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How to alienate people: pretend to be their mate

March 9th, 2012 by piers | No Comments

When brands have to fight to get our attention, there’s an increasing danger that they use the wrong tone and overstep the line, achieving precisely the opposite effect to the one they were aiming for.

Most big brands aren’t their customers’ friends. We might have an affection for them if they’re very lucky indeed. But even so we like to treated with some respect. Most of all we don’t like them acting as if they really are our friends.

I recently received an email from PayPal with a subject line that read:

‘Piers Alder, what’s new for you?’

My first reaction was: why are you asking ME what’s new? If you’re emailing me then you’ve got a reason, haven’t you? Well tell me what it is then.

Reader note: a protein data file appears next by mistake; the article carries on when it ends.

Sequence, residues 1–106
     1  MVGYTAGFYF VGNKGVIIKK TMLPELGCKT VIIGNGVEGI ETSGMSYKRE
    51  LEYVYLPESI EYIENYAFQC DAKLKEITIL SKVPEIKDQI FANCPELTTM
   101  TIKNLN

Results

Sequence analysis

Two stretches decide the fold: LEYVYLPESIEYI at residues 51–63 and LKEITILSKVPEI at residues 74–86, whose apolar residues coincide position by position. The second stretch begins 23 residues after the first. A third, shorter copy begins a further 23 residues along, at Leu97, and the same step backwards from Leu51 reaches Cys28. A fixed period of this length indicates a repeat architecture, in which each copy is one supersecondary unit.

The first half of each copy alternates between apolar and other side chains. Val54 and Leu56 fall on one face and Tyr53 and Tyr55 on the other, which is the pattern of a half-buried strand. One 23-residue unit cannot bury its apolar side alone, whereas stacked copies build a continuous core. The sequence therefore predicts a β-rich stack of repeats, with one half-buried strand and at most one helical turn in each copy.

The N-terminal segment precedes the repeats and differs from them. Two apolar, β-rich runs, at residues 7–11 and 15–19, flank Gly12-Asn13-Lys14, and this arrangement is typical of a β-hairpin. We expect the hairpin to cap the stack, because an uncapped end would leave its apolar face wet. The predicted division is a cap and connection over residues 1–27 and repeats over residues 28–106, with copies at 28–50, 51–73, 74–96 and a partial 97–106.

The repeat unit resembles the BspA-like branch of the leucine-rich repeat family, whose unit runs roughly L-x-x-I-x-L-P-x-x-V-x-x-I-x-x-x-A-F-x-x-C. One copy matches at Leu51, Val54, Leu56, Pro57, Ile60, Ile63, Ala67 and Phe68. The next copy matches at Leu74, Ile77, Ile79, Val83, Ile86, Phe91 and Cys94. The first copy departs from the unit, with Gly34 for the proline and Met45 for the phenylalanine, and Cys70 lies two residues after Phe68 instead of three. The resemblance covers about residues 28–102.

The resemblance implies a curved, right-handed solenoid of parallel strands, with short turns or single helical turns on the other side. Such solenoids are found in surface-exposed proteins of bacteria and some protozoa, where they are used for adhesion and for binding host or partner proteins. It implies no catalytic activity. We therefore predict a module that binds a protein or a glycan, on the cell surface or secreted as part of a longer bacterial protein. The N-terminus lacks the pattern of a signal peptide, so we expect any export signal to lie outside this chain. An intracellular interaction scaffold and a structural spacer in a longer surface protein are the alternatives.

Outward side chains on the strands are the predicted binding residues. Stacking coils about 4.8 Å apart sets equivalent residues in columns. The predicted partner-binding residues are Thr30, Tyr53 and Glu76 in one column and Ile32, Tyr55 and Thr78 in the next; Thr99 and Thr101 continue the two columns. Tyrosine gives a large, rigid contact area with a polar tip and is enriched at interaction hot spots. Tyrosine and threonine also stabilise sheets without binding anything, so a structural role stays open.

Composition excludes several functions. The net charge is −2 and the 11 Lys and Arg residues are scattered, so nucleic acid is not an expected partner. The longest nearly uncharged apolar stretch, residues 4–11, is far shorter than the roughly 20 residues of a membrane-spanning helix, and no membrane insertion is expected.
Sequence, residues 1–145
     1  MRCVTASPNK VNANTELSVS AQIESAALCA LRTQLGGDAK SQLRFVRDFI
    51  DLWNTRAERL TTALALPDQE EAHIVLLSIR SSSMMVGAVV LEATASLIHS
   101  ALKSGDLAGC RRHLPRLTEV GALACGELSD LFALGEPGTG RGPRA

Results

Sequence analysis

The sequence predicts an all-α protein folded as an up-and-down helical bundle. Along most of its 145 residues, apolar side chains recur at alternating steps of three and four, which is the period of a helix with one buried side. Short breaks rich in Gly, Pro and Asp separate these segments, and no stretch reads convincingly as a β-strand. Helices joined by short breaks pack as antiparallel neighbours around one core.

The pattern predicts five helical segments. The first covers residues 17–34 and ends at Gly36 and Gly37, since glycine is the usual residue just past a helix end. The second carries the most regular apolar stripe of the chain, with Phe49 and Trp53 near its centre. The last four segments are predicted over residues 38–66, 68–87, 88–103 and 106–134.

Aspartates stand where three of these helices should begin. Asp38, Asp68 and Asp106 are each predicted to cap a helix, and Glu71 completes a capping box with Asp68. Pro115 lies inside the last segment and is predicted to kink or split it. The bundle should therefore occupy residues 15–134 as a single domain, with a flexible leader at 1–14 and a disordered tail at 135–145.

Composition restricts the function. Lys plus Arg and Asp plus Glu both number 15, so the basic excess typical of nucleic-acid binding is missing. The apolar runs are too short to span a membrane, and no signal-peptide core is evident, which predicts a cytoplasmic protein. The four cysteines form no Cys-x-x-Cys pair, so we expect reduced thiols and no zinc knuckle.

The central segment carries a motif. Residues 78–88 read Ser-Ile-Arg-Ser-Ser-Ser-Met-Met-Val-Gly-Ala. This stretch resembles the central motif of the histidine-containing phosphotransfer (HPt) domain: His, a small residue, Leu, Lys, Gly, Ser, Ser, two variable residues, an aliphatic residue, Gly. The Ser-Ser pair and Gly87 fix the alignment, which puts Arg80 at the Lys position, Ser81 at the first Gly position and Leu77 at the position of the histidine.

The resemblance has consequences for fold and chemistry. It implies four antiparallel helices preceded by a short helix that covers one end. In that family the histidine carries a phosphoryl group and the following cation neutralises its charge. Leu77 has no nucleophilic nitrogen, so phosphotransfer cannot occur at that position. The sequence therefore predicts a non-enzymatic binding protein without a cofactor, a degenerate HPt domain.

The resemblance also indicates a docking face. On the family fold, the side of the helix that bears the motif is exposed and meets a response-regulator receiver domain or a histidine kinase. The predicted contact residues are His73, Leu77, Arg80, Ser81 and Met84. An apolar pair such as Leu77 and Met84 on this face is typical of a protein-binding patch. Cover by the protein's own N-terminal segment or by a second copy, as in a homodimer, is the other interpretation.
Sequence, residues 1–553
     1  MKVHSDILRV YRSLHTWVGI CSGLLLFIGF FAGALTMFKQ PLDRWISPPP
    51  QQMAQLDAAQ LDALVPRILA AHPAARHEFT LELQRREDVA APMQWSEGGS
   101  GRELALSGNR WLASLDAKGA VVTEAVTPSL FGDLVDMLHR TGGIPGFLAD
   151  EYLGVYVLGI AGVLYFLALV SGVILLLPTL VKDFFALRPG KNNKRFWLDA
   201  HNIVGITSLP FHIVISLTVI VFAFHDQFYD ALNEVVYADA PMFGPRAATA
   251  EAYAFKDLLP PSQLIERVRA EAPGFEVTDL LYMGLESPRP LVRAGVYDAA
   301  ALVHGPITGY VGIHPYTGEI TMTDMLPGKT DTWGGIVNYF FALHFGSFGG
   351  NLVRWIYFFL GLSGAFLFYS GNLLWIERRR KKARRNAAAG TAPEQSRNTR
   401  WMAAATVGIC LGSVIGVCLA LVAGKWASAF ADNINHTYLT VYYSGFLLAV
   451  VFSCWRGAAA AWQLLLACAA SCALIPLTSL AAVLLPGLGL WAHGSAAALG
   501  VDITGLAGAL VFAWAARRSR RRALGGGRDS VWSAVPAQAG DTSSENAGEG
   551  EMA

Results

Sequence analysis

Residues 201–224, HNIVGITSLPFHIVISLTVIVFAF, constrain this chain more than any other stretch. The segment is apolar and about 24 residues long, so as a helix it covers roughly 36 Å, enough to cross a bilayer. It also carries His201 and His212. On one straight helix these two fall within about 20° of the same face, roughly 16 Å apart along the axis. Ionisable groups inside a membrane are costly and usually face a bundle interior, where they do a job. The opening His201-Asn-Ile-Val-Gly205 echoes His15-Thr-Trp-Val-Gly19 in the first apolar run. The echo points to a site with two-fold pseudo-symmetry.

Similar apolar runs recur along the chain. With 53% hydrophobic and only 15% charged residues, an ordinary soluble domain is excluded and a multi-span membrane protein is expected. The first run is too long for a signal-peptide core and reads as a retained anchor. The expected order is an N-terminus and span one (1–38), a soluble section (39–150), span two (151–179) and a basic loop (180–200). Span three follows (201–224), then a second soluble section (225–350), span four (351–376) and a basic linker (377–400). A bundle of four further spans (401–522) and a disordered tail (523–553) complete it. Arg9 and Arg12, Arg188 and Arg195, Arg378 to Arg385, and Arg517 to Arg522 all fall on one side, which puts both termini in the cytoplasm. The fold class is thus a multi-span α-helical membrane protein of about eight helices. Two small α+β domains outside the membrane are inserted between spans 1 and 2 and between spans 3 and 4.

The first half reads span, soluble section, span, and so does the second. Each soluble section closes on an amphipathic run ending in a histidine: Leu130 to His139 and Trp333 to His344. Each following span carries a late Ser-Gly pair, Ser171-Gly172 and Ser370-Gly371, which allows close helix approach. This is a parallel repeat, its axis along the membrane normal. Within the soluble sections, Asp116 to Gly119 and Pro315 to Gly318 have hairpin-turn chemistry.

My second reaction was: And why are you talking to me like that, anyway? That’s how friends talk, and you’re not a friend. You’re a convenient service I use. Remember that and we’ll get along fine.

My third reaction was to muse on how much I dislike having my name in a subject line. It’s meant to show it’s a personal email to me, is that correct? Well I don’t believe it. I know how easy it is to ‘personalise’ an email, just like a letter, by shoving my name on it, even when it’s going out to millions of people. I don’t mind that generally, but putting it in the subject line just highlights its falseness. (When did a friend last put your name in the subject line of an email to you?)

I call that fake personalisation.

So, combining an inane fake question with a fake tone of voice with fake personalisation… and you’ve got an email I was not in the least inclined to open. When I eventually did (because I was writing this post) I discovered I’d missed the chance to win £100 worth of clothes. Not that I cared, but if I’d known what was in the email I might have opened it.

If my reaction were repeated across millions of people then it would have a serious impact. All because of a failure of tone, derived from a failure of attitude towards their customers. Something worth thinking about for any business.


Posted in Copywriting, Email marketing